1. 25 Year Environment Plan
The 25 Year Plan to Improve the Environment sets out how to improve the environment over a generation by creating richer habitats for wildlife, improving air and water quality and tackling marine plastic litter. Measures taken since launching the plan in January 2018 include:
- Setting out plans to ban plastic drinking straws, cotton buds and stirrers and extend the GBP0.05 plastic bag charge, and overhauling the waste system with a comprehensive Resources and Waste Strategy to reduce plastic waste
- Agriculture Bill brought before Parliament to introduce a fairer, more sustainable system of environmental land management
- Commitment to plans for the first Environment Bill in 20 years
- Safeguarding forests and woodlands by starting the creation of a Northern Forest and appointing a Tree Champion
- Protection of precious wildlife habitats by launching a review to strengthen and enhance England’s National Parks and Areas of Outstanding Natural Beauty
- Protection of the marine environment by launching the Fisheries Bill, introducing one of the world’s toughest bans on microbeads and consulting on 41 new Marine Conservation Zones
- Combatting the illegal wildlife trade through introducing one of the world’s toughest ivory bans and hosting the global Illegal Wildlife Trade Conference in London
2. Resources and Waste Strategy for England
- In December 2018 he UK published the Resources and Waste Strategy, an ambitious document that sets out how to preserve the UK’s stock of material resources by minimising waste, promoting resource efficiency and moving towards a more circular economy.
- The Strategy outlines plans to take action at each stage of the product lifecycle to encourage producers to take more responsibility for the environmental impacts of their products; reduce demand for single-use plastic; and make it easier for people to recycle.
- The UK wants to increase the quantity and quality of material collected, which is why it has an approach is focused on increasing the supply and demand for secondary materials to be recycled in the UK and reduce the need to export materials for recycling.
- In general, the UK prefers to help people and companies make the right choice, rather than banning items outright. There may, however, be times when a ban is appropriate as part of a wider strategic approach to reduce the use of unnecessary single-use plastic.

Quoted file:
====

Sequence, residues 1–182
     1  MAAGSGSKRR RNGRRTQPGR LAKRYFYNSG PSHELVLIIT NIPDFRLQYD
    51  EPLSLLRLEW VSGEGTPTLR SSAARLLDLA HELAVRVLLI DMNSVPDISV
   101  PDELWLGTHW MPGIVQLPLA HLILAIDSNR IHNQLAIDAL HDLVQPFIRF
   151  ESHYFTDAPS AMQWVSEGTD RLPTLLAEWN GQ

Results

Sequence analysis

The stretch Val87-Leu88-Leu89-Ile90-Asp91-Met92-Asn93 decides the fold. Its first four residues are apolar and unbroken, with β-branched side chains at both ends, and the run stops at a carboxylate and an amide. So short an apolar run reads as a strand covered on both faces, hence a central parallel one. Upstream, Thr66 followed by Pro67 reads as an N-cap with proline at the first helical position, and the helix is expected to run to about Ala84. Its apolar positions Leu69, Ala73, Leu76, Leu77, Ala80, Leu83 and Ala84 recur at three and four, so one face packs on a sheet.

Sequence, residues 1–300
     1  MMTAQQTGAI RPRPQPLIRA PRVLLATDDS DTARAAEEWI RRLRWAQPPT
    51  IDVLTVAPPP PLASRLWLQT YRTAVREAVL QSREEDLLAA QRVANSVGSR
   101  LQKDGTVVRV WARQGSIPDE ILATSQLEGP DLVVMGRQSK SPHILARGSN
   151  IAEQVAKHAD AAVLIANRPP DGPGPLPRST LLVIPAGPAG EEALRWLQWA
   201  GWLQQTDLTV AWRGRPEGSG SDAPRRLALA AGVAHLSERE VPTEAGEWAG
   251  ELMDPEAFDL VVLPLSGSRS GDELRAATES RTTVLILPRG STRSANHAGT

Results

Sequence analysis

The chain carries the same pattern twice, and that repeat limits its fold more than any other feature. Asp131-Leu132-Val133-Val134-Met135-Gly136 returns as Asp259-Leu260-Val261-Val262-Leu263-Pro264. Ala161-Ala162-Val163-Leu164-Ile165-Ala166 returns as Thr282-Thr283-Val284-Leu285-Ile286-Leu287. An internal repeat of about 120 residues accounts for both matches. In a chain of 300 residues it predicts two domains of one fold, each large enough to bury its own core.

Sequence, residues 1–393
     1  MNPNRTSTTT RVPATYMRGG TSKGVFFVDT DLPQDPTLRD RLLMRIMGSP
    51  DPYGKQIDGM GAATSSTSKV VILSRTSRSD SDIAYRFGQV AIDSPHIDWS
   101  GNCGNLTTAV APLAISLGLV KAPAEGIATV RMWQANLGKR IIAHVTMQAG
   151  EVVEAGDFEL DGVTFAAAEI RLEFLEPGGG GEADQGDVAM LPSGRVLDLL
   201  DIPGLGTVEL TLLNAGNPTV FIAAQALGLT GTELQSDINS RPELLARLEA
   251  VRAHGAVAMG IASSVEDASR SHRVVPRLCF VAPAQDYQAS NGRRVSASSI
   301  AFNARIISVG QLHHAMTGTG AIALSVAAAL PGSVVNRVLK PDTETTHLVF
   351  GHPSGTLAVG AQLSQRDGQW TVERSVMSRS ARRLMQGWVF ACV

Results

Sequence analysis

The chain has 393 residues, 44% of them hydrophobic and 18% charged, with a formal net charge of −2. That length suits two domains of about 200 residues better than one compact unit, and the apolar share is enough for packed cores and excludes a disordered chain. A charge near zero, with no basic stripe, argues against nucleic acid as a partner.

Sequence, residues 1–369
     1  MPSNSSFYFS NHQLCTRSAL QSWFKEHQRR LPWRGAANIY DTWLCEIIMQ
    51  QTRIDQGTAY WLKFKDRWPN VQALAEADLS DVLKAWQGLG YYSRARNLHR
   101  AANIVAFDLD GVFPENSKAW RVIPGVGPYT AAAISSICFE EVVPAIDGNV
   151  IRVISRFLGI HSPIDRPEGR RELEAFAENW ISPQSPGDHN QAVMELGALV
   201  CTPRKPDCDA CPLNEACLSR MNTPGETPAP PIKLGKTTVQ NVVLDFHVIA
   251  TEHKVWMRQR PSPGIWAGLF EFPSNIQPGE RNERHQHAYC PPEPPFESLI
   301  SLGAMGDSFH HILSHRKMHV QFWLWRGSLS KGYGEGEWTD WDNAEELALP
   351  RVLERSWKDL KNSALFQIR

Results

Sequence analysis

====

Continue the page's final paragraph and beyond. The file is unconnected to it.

3. UK Marine Strategy
The objective of the UK Marine Strategy reflects the UK’s vision for ‘clean, healthy, safe, productive and biologically diverse oceans and seas’, by helping to deliver key international obligations and commitments to protect and preserve the marine environment under the UN Convention on the Law of the Sea (UNCLOS), the UN Sustainable Development Goal 14 (to conserve and sustainably use the oceans, seas and marine resources for sustainable development), the OSPAR North-East Atlantic Environment Strategy and the Convention on Biological Diversity. The Strategy applies an ecosystem-based approach to the management of human activities. In doing so, it seeks to keep the collective pressure of human activities within levels compatible with the achievement of Good Environmental Status (GES).
- The Marine Strategy Regulations (2010) requires the UK to take action to achieve or maintain GES in its seas by 2020.
- The Regulations transpose the EU Marine Strategy Framework Directive (MSFD) into UK law and require the production of a “Marine Strategy” for all UK waters and that the approach is coordinated across all four UK Administrations. It also requires cooperation with other countries sharing the UK’s seas.
4. 2050 Maritime Strategy
This is the UK government’s vision and ambitions for the future of the British maritime sector. Through this strategy the UK is committed to working with the International Maritime Organisation (IMO) to tackle marine plastic litter. The UK has been actively working at the IMO to identify opportunities for improvement, particularly within MARPOL, which has resulted in an IMO Study on Marine Plastic Litter from Ships, International Regulatory Framework and an Action Plan.
5. British-Irish Council